Parkinson’s is a progressive neurological condition where people with the disease don’t have enough of a chemical called dopamine because some nerve cells in their brain have died. Without dopamine people can find that their movements become slower so it takes longer to do things.
However, doctors from the Royal Melbourne Hospital recently successfully injected stem cells onto the brain of a 64-year old Parkinson’s Disease patient.
This operation, the first of its kind, marks a positive step towards developing better Parkinson’s treatment.
The stem cell injection, the researchers hope, would boost the levels of the neurotransmitter dopamine in the brain. Parkinson’s is known to exhibit symptoms of “tremor, rigidity, and being unable to express emotions, affecting walking. All of those functions are mediated by dopamine,” Dr. Nair, , a neurosurgeon at the Royal Melbourne Hospital, explained. If successful, patients would display improvement in these areas.
Parkinson’s Disease Symptoms
The symptoms most often associated with Parkinson’s affect movement. These are often called motor symptoms.However, there are other symptoms that aren’t related to movement, such as pain and depression. These are known as non-motor symptoms.
These symptoms include:tremor, rigidity, slow movement,eye problems,fatigue,freezing, bladder & bowel problems and eye problems.
Parkinson’s Disease Incidence
It’s been noted that approximately 60,000 Americans are diagnosed with Parkinson’s disease each year, and this number does not reflect the thousands of cases that go undetected. Incidence of Parkinson’s increases with age, but an estimated four percent of people with PD are diagnosed before the age of 50.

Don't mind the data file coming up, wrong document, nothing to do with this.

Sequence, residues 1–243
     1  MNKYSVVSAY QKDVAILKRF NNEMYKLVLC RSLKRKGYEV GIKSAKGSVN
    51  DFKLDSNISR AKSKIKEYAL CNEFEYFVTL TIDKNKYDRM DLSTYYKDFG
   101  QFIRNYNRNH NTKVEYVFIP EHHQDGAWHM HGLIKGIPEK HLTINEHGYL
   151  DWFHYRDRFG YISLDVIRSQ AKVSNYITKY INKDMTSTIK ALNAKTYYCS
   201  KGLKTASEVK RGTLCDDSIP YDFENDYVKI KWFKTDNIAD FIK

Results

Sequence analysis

The use of stem cells in medical treatment is largely controversial because of ethical concerns, particularly with embryonic stem cells. The procedure, however, does not present an ethical problem. The stem cells used were created using neural cells in a lab of a biotech company in California.
“So the beauty of this technique is that this is an unfertilized egg activated in a lab, so there are no ethical issues surrounding this to be used as mainstream treatment down the line,” said an optimistic Dr. Nair.
It’s not easy to diagnose Parkinson’s as there are no laboratory tests so it’s important that the diagnosis is made by a specialist. The specialist examines the person for any physical signs of Parkinson’s and takes a detailed history of the symptoms they’re experiencing.
If you’d like to have a consultation with us about Parkinson’s Disease, please don’t hesitate to contact us.